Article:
This Fourth of July week­end, think about declar­ing your inde­pen­dence from Google. Open some doors and do some explo­ration. Take charge of your dig­i­tal life and lib­er­ate your­self from the clutch­es of a com­pa­ny that thinks there’s bil­lions of dol­lars to be made by destroy­ing pri­va­cy as we know it.

About the author

Andrew Villeneuve is the founder and executive director of the Northwest Progressive Institute, as well as the founder of NPI's sibling, the Northwest Progressive Foundation. He has worked to advance progressive causes for over two decades as a strategist, speaker, author, and organizer. Andrew is also a cybersecurity expert, a veteran facilitator, a delegate to the Washington State Democratic Central Committee, and a member of the Climate Reality Leadership Corps.

Adjacent posts

3 replies on “Google+: Step right up if you want to help Google complete its profile of you”

  1. Let’s see how Face­book compares:
    * Names and con­tact infor­ma­tion (giv­en by user)
    * Con­tacts (giv­en by user)
    * Pho­tos (Face­book pho­tos, now with face recognition)
    * Voice pat­terns (Skype partnership)
    * Cred­it card num­bers (Face­book credits)
    * Med­ical records (advan­tage Face­book, though nobody used this)
    * Loca­tion (Face­book checkins)
    * Search his­to­ry (via Bing’s embed­ded search, or the social search alliance)

    So, with the excep­tion of a now-shut­ting-down med­ical ser­vice that was entire­ly option­al and unused, deep Face­book users have giv­en all of the same infor­ma­tion to that com­pa­ny as well. Of course a FB user need not give all that infor­ma­tion, but you need not use all of Google’s ser­vices either.

    I have to won­der why you still main­tain your pres­ence on Face­book. Either you don’t actu­al­ly believe the rea­sons you wrote, or you apply them inconsistently.

    It’s also inter­est­ing that you men­tion the tight col­lab­o­ra­tion and shar­ing of infor­ma­tion between Microsoft and Face­book, yet you aren’t trou­bled by it. The com­bined infor­ma­tion gath­er­ing of this alliance not only includes all of what Google could see, but goes fur­ther, to the very desk­top soft­ware you pre­sum­ably use.

    Thank you for giv­ing us the Red­mond per­spec­tive. Say hi to my ex-cowork­ers at Microsoft.

    P.S. your “Com­ment­ing Guide­lines” is a bro­ken link.

    1. Bruce, we have writ­ten very crit­i­cal­ly about Face­book on a num­ber of occa­sions. Like this one. Or this one.

      You’re cor­rect that Face­book col­lects much of the same infor­ma­tion that Google does. But Face­book, despite its part­ner­ship with Microsoft, does­n’t have the reach that Google does. Besides own­ing a lot of prop­er­ties.… YouTube, Blog­ger, Picasa, Orkut, etc., Google scripts and ads are embed­ded into mil­lions of web­sites. You can see for your­self by installing the Fire­fox add-ons I mentioned.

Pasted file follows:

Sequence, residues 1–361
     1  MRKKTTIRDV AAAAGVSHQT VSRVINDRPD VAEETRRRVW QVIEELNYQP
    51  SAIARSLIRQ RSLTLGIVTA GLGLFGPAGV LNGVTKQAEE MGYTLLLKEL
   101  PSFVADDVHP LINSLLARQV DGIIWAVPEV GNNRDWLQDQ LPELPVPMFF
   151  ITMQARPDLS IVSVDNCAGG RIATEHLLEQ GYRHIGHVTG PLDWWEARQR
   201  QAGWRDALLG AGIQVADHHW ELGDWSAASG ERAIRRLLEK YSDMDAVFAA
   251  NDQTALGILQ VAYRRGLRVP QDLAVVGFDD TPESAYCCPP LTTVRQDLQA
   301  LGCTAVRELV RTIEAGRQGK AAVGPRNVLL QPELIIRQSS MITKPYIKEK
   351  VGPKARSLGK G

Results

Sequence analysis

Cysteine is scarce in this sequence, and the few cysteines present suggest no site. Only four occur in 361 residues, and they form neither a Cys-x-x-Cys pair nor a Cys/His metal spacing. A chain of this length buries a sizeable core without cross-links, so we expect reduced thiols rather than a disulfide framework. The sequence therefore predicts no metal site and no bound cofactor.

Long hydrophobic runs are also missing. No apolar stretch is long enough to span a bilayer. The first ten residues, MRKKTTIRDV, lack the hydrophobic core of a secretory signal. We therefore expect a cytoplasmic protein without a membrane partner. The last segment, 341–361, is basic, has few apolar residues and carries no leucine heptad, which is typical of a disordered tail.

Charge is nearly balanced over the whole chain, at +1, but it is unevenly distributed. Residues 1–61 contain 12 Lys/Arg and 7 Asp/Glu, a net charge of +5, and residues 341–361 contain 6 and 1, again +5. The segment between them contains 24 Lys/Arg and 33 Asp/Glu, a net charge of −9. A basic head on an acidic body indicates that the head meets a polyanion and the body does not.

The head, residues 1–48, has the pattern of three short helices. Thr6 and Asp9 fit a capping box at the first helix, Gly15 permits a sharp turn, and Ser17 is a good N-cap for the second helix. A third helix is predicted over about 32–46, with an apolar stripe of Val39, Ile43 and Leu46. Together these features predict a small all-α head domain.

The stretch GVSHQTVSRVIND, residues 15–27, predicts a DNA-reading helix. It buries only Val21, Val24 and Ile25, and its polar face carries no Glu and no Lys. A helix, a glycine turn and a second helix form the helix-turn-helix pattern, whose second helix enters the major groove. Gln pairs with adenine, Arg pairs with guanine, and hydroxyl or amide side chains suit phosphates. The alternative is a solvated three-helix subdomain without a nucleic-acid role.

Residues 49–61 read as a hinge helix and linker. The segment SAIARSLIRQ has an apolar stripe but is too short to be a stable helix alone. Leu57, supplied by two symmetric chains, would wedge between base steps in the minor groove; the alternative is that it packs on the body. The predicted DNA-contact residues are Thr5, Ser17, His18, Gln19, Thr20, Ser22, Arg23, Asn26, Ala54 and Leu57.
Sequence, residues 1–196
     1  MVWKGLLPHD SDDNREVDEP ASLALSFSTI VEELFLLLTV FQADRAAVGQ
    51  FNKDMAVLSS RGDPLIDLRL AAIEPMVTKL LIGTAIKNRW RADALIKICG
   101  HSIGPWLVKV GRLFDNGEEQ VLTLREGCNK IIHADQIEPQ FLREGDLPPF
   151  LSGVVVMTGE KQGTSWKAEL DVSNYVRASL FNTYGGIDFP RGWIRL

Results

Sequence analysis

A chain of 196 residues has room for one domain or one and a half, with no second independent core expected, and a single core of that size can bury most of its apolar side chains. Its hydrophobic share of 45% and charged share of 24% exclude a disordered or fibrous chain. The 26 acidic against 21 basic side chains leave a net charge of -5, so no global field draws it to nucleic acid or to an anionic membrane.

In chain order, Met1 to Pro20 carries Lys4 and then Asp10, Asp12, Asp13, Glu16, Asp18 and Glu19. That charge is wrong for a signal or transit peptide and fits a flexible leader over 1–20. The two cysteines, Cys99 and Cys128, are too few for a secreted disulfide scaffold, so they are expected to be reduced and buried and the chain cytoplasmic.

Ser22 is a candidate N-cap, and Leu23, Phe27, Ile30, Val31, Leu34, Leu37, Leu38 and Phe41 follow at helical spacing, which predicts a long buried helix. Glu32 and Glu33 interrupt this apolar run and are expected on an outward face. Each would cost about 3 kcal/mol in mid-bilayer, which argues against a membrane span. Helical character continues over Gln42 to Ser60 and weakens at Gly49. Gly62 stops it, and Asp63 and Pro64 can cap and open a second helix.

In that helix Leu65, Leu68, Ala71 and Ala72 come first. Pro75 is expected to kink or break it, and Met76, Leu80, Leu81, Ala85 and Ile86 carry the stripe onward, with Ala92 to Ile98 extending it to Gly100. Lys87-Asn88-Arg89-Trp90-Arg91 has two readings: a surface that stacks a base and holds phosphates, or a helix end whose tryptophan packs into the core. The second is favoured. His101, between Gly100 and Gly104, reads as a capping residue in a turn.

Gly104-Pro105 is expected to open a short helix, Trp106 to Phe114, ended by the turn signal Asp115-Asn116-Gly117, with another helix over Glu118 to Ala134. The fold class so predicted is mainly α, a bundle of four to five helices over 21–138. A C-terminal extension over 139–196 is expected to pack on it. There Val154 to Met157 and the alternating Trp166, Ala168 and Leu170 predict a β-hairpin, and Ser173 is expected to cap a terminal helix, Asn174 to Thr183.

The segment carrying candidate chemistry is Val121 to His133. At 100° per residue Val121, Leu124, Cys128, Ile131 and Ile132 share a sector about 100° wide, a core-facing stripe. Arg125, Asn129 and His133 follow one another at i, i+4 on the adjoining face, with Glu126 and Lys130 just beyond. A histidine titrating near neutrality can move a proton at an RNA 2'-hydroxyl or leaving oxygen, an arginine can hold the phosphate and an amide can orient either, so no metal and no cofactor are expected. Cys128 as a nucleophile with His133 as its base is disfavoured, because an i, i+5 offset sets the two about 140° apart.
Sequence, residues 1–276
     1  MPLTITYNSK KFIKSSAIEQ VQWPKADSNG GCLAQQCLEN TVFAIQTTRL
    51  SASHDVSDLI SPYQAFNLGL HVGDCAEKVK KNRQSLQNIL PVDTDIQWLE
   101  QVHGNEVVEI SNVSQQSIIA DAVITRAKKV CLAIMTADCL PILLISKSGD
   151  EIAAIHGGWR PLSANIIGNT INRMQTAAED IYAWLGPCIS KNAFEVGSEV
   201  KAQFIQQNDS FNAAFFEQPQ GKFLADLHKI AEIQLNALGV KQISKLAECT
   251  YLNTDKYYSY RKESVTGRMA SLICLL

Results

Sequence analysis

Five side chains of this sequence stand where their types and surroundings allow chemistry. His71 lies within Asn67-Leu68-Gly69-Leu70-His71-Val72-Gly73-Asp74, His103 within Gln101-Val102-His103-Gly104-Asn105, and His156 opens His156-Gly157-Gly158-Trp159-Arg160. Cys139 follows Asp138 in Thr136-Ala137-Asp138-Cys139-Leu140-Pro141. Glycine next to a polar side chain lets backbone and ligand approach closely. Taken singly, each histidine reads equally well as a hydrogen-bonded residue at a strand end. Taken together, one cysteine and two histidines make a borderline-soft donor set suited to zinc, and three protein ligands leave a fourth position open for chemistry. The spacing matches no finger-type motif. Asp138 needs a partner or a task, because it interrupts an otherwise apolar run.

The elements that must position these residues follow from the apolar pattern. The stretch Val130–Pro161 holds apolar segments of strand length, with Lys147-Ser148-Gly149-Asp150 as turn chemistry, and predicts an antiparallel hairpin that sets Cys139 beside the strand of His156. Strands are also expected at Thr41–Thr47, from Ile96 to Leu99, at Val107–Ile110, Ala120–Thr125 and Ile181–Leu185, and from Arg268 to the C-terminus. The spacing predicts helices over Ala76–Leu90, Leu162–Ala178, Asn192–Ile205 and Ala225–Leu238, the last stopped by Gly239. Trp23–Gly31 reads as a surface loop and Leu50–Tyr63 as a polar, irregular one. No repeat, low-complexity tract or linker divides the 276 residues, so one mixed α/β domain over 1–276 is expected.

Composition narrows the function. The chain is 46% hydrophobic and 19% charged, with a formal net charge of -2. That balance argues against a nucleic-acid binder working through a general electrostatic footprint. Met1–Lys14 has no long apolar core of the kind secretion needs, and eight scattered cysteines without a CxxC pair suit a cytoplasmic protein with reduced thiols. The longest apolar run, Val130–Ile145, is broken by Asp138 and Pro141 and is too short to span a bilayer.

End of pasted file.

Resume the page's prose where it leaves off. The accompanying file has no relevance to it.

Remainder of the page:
Yes, some sites have Face­book wid­gets embed­ded, but the num­ber com­plete­ly pales in com­par­i­son to sites with Google Adsense or Analytics. 

      That does­n’t mean my team and I aren’t con­cerned with Face­book’s (or Microsoft­’s) pri­va­cy prac­tices. If Face­book con­tin­ues down the path it is on, we’ll sev­er ties with it too, just as we did with Google. 

      I myself have nev­er been a “deep Face­book user”, as you put it. My Face­book pro­file con­tains almost no per­son­al infor­ma­tion, even infor­ma­tion that could be con­sid­ered pub­lic knowl­edge. I do not upload pho­tos to Face­book — peri­od. I don’t buy Face­book cred­its. I have loca­tion-shar­ing and “instant per­son­al­iza­tion on part­ner web­sites” (includ­ing Bing) com­plete­ly dis­abled. Fur­ther­more, much of what I post to my Face­book news feed con­sists of sto­ries that are crit­i­cal of Face­book on privacy. 

      Sim­i­lar­ly, though we have sev­ered ties with Google our­selves, we have not blocked Google’s spi­der from crawl­ing our web­site. So peo­ple can still use Google’s search engine to find us. And peo­ple can still vis­it our web­site using Google’s Chrome browser. 

      By the way… I’m a Kubuntu/LibreOffice user. 🙂

  2. Well done, Andrew. I don’t use any of those Google prod­ucts either, and I give Face­book the bare min­i­mum of per­son­al information.

Comments are closed.